Introduction: Floating Arm Trebuchet

About: Mechanical Engineer in the machine design industry. I like things that go boom and sushi, preferably at the same time.
This is a general description of how to create a floating arm (f2k) trebuchet.
A f2k trebuchet has an arm that rides on wheels, which roll forward on rails, while the weight bar running through the arm falls down in a vertical groove. (Watch plenty of YouTube videos to understand the motion of this design) The wheels start off above the rails, and the arm is initially supported by a second set of wheels (or one wide wheel) on a stationary axle fixed between the two halves of the frame near the rear end of the rails. The wheels on the arm hit the rails and immediately begin rolling forward, and the arm tip moves in an elliptical path.This is supposed to be a very smooth, quiet transition and the actual impact is very low.

Here's a YouTube video of our trebuchet:

This design was for a school ASME (American Society of Mechanical Engineers) Club competition. The parameters for the contest were as follows: Design a trebuchet that launches pumpkins (about basketball size). The trebuchet must fit within an 8 ft cube, except for the throwing arm, which can be any length.

Our design was very stout and held around 720lbs in counterweight, not including the weight bar and arm itself.
We launched pumpkins and bowling balls around 10-15 lbs at distances of 300+ feet.

Caution: This particular design is a very time intensive project (expect 60+ man hours) and requires some metal fabrication, such as cutting, welding, and drilling.

Step 1: Design Phase

SolidWorks was used here, although any CAD software or even a hand sketch would be ok. One advantage of 3D CAD was the ability to make an assembly and ensure a good fit for all the components, as well as smooth motion.

I've uploaded PDF's of the CAD drawings as well as a general schematic diagram for an f2k. Feel free to use them for educational or personal use. NOTE: all CAD modeling was done using student software, for educational purposes.

Using the dimensioned drawings, estimate the amount of materials needed. We spent around $300 in lumber and concrete, and several hundred dollars more on metal shafts, plates, etc. Consider cost and use whatever spare or donated materials you can find.

Try to have all the sizes of your shafts and designs for your trigger and sling release figured out at this stage, as well as how you plan to attach the shafts (welds or flanges, etc).

Consider how much weight you want to use, and size your shafts and frame accordingly. I haven't seen much information on dynamic tuning for the f2k, but we did an estimate of the static loads at the critical points and kept the stresses around 1/4 of the yield strength of the steel.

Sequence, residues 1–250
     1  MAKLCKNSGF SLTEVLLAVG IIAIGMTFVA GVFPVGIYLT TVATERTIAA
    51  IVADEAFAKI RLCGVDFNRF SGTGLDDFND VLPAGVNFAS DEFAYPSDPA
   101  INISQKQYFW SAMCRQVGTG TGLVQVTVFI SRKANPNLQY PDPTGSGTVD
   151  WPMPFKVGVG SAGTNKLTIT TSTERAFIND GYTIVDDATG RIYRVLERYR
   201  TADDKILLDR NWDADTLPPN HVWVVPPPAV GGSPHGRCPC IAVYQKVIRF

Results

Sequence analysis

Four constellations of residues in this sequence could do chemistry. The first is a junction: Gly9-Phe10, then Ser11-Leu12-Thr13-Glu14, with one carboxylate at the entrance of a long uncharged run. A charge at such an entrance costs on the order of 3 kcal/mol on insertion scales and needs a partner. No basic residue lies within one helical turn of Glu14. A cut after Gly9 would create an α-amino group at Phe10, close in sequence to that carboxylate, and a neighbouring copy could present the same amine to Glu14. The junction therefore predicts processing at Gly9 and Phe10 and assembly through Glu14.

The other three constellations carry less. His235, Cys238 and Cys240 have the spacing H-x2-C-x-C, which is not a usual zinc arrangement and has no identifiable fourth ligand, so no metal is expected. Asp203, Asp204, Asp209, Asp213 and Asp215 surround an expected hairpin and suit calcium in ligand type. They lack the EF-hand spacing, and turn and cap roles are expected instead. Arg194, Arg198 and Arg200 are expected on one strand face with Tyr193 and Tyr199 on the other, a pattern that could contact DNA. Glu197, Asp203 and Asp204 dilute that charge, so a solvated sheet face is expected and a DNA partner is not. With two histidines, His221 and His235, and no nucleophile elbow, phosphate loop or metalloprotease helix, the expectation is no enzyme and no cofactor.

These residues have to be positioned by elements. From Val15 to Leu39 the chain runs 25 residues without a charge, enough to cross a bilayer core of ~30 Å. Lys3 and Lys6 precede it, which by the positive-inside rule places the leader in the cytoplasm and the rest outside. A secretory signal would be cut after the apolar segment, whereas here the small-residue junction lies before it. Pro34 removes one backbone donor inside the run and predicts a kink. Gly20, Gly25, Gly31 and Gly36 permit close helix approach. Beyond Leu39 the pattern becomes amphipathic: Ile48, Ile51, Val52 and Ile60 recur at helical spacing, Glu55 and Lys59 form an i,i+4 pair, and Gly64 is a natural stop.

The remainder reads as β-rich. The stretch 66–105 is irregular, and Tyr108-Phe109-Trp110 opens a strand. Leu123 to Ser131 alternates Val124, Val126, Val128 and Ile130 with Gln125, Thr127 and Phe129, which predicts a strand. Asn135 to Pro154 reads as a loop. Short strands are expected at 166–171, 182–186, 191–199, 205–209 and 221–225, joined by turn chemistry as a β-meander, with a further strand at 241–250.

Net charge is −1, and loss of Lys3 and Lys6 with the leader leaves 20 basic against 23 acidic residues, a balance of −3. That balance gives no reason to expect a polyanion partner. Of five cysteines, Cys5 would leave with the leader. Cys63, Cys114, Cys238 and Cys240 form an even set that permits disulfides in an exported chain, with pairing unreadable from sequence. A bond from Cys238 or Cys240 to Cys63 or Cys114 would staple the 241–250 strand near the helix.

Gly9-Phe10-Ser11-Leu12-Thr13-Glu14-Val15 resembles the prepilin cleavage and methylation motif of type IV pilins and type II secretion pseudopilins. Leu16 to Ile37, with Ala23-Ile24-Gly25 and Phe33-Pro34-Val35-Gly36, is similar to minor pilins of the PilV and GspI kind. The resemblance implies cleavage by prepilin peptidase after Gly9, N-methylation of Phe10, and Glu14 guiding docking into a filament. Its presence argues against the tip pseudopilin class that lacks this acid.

I'd also advise implementing a metal sheet on the rails, instead of bare wood. it's smoother, faster, and prevents grooves from wearing in the wood. We'd have done much better with something like this. Angle iron or steel sheet would work.

A few things to keep in mind are the optimum ratio for the arm length (2:1) , or L=3P in the schematic diagram. You want to keep the width relatively narrow, but wide enough to accommodate whatever projectiles you plan to use. 

-Lumber (4x4, 2x4, plywood)
-Deck Screws (lots of them)
-Carriage bolts, nuts, washers
-all thread, 1/2", 1ft sections (for sling pins)
-Harmonic Balancers ~7" dia (4X)
-Steel Shafts, various diameters
-Steel pipe, appropriate mating diameters to shafts
-Bolts for bushings
-Concrete (450+ lbs) and circular forms (OR just use gym weights)
-Steel plates
-Steel chain, 1900lb test, 3-4ft
-Door latch mechanism from a car
-Nylon rope (or other strong rope/cable)
-Nylon webbing for sling
-Axle grease
-Welding equipment
-Drill press
-Carpentry tools
-Paint (optional)

Step 2: Building Phase: Frame and Base

Here, we followed the dimensions on the drawing and cut very precisely.
Build a good study base using 2x4 and plywood. Try to make it as flat and planar as possible, as this will minimize the need for adjustments later. Also, get the most straight lumber available for the longer pieces on the frame.

The frame is made of 4x4 held together with deck screws and carriage bolts, and our design allowed for the frame to be removed from the base with bolts only.

Build the frame in two identical halves (left and right) and then attach each half to the frame. Check the alignment of the rails and ensure they are relatively close.

Keep in mind that the rails should be unobstructed, and the gap where the weight bar will go should be small enough that your wheels can easily glide over it. I've seen some really nice f2k's that have the wheels jump the gap on a ramp, but that would require much more engineering calculations and dynamic tuning than we had time for.

Step 3: Build the Arm (engineered Beam)

Our arm was made of many pieces of layered plywood held together with resin and deck screws. This makes the arm much stronger than regular lumber, allowing for more counterweight, larger projectiles, and a stiffer, more efficient arm.

Start by cutting the pieces of plywood. The arm can be longer than your sheet of wood, but make sure the gaps between the pieces are in different spots for each layer.

Use plenty of screws as well as resin, gluing and screwing each layer to the next.

Clamp the beam and let it dry, allowing the appropriate time for curing (follow resin instructions).

When the beam has cured, trim off any excess wood to make planar surfaces, and sand off the excess resin. Your arm should look nice and smooth like the pics.

Now comes the fun part. Make matching steel plates and drill holes into them for bolts and for both the counterweight bar and the axle, allowing room for steel pipe inserts. Line them up carefully and bolt through the arm with carriage bolts to hold them together.

Weld the inserts carefully to the plates, ensuring the axis of each insert is as close to normal (90°) from the plate as possible. This is essential for an efficient machine. (Flanges would work here as an alternative)

We added a tapered cut to the arm, going from 4x8 to 4x4 at the tip.

At this point, dry-assemble your trebuchet and ensure everything fits, and that the arm will move correctly.

Step 4: Counterweights

If gym weights are not available (we arrived at the competition and found out they were, so this was basically a waste of time for us, and gym weights are more dense and easier to lift into the weight bar) then make your own counterweight using concrete and steel pipe.

Forming tube is expensive, so instead, cut a cardboard barrel into strips or tack thick cardboard onto a piece of plywood to make forms.